Jerry Bird was a large man of pert-near, six foot six inches tall, with a drooping mouth, no teeth, broad shoulders, weighted perhaps two-hundred and twenty pounds. He always wore wrinkled cloths-so it appeared dirty waistcoats, hidden in his pockets sticking out were cheap cigars when he moved about they showed-known as stogies. His false teeth were seldom around when he needed them, he’d forget them, have Roger Landsmen drive him home, pick them up, so he could eat, although his gums were as hard as nails: he had irregular eyes also, something strange about his eyes. The lids of the eyes twitched, more often than not, perhaps too often; it would close, tightly down and snap back up as if mechanical; it was exactly as though the lid of the eye were sunken headlights, window shades.
Ace, had a liking for the boys, I mean, hanging around with the boys, he was ten-year Chick Evens’ senior. Actually, he was everyone’s in the neighborhood senior. It began when Chick had become one of the boys, and started his drinking, I can’t put an exact date on it, but it was around 1960, when Chick started his light drinking, and Ace, Big Bopper, was buying booze for the boys, and getting drunk with them: at which time, Jerry was an acquaintance with most of the self ruled gang, but it was simply a matter of time, in the making, before he’d be one of them. He was, for the most part, short witted, that is to say, slow minded, or slightly backward. A good ole boy though. Often at up at Rice School, when the boys were drinking, behind it, he’d dance and sing “Twenty-four black birds…baked in a pie,” and he’d dramatize it, and it was a hoot buy lsd.
In the late afternoons, Roger Landsmen, or Doug Swords, would drive Ace to the liquor store on Rice Street; Cayuga Street was off of Jackson, a main street in St. Paul, across from the Oakland Cemetery. And Rice Street was parallel, but on the other side of the cemetery. Roger, lived across the street from Evens, and his brother Ronny was the same age as Evens, Roger being three years older than his brother. In any case, the owner of the liquor store got to know Ace pretty well in those days, and when the booze was gone the boys went to the two corner bars off Jackson and Sycamore, saloons some of the boys would spend their whole lives in. And when the place closed up at 1:00 p.m., Ace would slip in at the backdoor of the saloon and buy a number of six-packs for the boys, of course with their money, Ace seldom had money, but he had the assets to buy it, and so he was always welcome to come along and drink it, and he surely did drink his share of drinking.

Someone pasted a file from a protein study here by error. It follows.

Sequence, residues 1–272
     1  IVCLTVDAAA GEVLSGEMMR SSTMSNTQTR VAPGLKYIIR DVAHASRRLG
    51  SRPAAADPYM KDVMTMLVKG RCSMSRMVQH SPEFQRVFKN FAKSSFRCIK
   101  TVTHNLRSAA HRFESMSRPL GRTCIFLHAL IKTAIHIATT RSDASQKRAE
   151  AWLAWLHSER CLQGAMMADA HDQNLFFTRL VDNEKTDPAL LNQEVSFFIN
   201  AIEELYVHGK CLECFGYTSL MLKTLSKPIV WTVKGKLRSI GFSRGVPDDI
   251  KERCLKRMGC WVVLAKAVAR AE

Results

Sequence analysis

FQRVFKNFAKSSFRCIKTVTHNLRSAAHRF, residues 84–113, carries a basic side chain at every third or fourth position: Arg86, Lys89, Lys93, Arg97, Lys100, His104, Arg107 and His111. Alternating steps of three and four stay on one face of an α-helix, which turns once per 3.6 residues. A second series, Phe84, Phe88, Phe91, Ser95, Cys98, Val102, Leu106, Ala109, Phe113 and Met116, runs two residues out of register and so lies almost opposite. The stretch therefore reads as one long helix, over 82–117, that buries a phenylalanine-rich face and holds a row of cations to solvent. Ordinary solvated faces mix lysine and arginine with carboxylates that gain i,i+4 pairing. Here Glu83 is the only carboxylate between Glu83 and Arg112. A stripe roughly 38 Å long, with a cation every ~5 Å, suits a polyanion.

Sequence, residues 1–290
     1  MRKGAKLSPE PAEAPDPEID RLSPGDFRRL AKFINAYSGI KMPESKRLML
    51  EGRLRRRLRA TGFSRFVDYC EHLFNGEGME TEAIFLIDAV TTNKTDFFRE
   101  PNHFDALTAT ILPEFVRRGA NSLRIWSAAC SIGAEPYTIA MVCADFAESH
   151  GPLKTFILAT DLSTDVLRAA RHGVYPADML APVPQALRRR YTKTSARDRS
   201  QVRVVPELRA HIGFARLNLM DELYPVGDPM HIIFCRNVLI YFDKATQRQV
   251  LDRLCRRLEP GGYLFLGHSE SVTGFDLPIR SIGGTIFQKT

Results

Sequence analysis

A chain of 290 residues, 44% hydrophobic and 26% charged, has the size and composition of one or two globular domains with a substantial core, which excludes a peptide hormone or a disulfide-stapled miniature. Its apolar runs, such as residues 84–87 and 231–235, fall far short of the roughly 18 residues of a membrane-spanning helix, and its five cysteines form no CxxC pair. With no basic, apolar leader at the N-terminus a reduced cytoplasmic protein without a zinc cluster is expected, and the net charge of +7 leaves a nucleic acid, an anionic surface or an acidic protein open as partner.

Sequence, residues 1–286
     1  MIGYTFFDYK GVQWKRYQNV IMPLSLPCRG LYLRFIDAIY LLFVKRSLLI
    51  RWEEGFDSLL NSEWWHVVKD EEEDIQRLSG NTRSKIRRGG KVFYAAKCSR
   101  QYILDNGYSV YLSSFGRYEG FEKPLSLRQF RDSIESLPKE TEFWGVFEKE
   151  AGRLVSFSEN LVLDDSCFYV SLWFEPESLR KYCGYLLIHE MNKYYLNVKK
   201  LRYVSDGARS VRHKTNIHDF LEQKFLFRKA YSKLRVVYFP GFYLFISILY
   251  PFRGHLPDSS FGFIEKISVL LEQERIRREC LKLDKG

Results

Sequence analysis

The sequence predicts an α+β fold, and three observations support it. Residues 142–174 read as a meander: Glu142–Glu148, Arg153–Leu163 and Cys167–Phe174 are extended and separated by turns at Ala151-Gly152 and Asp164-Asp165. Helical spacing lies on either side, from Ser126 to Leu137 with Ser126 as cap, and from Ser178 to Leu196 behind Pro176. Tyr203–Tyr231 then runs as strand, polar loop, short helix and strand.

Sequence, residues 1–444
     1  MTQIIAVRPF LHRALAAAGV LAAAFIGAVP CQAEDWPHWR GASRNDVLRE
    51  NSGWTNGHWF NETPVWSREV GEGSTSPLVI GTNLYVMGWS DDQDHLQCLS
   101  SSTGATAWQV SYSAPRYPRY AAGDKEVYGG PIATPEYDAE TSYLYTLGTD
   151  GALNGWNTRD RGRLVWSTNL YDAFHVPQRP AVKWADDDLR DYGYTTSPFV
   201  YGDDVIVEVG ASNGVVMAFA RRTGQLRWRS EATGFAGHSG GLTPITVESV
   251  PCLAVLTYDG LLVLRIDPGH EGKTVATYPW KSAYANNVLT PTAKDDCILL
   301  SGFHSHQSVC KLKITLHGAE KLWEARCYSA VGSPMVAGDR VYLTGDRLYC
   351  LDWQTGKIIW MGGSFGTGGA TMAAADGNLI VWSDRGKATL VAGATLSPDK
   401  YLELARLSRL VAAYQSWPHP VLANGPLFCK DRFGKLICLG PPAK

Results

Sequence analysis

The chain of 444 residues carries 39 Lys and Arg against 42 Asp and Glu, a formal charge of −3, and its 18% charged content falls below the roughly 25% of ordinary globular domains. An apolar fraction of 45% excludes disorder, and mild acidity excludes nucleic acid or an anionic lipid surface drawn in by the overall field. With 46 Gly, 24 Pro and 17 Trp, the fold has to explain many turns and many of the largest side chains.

Ace, and a few of the other boys, began drinking wine and at times combinations, with sloe gin and soda water, and so forth. They even got to breaking into trains down by the steel company, in back of Roger’s father’s apartment, breaking the Federal seals, off the cars, and taking a weekend supply of beer, finding a hole to drink it in, and that was the weekend.
Jerry Bird liked women, like everyone else in the neighborhood (if there was anyone to the contrary, no one knew about it), but seldom found a lasting relationship, he was not the most handsome guy in town, and had reached the age of thirty. He imagined one of the neighborhood girls to have fallen in love with him, in which she didn’t, but it renewed the youth in him. Mary Aldrich most sensualist, she enjoyed talking to men, and was not all that honorable with keeping a relationship, and for a season for hours at a time, she lingered about at parties and at those two local bars, playing up to Dan Wright, and-you got it, Big Bopper.
The saloon keeper was a short, broad-shouldered Italian with peculiarities, and would slip you Mickey into your drink (LSD or something of that nature) if you got too mouthy. That flaming kind of sense of humor got him shot one evening, when he opened up the backdoor to sell a six-pack of beer.
In any case, Mary was playing one against the other, she liked men fighting over her, and as I said, sensualist she was, but plain looking. As they (Mary, Ace, Dan and David Rye) stood outside an apartment having a party with several other guys and girls, arguing and fighting over Mary-David trying to calm the situation down-rubbing his hands together from the cool fall air. Dan grew more and more excited it was as though his mind had been dipped in blood that had dried and washed out, he wanted more, and it was called revenge for being pushed aside by David Rye, and Mary for telling him to go his own way, and it was Ace he was mad at. Dan was a small plumb man, often called “Crazy Dan,” and thus Crazy Dan, went home, and pulled out of his father’s closet, a shot gun, ran back to the party, and aimed it at Ace.
As David Rye stood by looking at the red faced Dan Wright, as Dan tried to talk to his woman Mary Aldrich, who really was not his woman, she wasn’t anybody’s woman, and she sat looking out the apartment window, frightened. And the shotgun went off, but it wasn’t Ace who got shot, it was David Rye.